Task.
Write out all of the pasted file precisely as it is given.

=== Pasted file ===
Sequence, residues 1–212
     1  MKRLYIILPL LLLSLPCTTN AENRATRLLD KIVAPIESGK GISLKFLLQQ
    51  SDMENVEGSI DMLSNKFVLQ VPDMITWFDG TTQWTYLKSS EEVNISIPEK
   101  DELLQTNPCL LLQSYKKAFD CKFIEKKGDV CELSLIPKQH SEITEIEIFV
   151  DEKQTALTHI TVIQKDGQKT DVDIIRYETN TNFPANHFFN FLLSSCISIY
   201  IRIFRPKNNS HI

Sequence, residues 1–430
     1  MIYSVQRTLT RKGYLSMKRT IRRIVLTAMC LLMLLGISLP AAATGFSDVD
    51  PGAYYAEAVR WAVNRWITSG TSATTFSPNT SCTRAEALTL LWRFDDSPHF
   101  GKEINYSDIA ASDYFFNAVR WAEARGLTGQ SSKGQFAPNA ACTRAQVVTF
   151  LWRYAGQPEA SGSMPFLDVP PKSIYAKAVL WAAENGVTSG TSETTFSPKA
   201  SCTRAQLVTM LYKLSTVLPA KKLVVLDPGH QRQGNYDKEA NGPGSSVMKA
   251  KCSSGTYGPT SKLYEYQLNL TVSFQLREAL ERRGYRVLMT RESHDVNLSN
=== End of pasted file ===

Sequence, residues 1–212
     1  MKRLYIILPL LLLSLPCTTN AENRATRLLD KIVAPIESGK GISLKFLLQQ
    51  SDMENVEGSI DMLSNKFVLQ VPDMITWFDG TTQWTYLKSS EEVNISIPEK
   101  DELLQTNPCL LLQSYKKAFD CKFIEKKGDV CELSLIPKQH SEITEIEIFV
   151  DEKQTALTHI TVIQKDGQKT DVDIIRYETN TNFPANHFFN FLLSSCISIY
   201  IRIFRPKNNS HI

Sequence, residues 1–430
     1  MIYSVQRTLT RKGYLSMKRT IRRIVLTAMC LLMLLGISLP AAATGFSDVD
    51  PGAYYAEAVR WAVNRWITSG TSATTFSPNT SCTRAEALTL LWRFDDSPHF
   101  GKEINYSDIA ASDYFFNAVR WAEARGLTGQ SSKGQFAPNA ACTRAQVVTF
   151  LWRYAGQPEA SGSMPFLDVP PKSIYAKAVL WAAENGVTSG TSETTFSPKA
   201  SCTRAQLVTM LYKLSTVLPA KKLVVLDPGH QRQGNYDKEA NGPGSSVMKA
   251  KCSSGTYGPT SKLYEYQLNL TVSFQLREAL ERRGYRVLMT RESHDVNLSN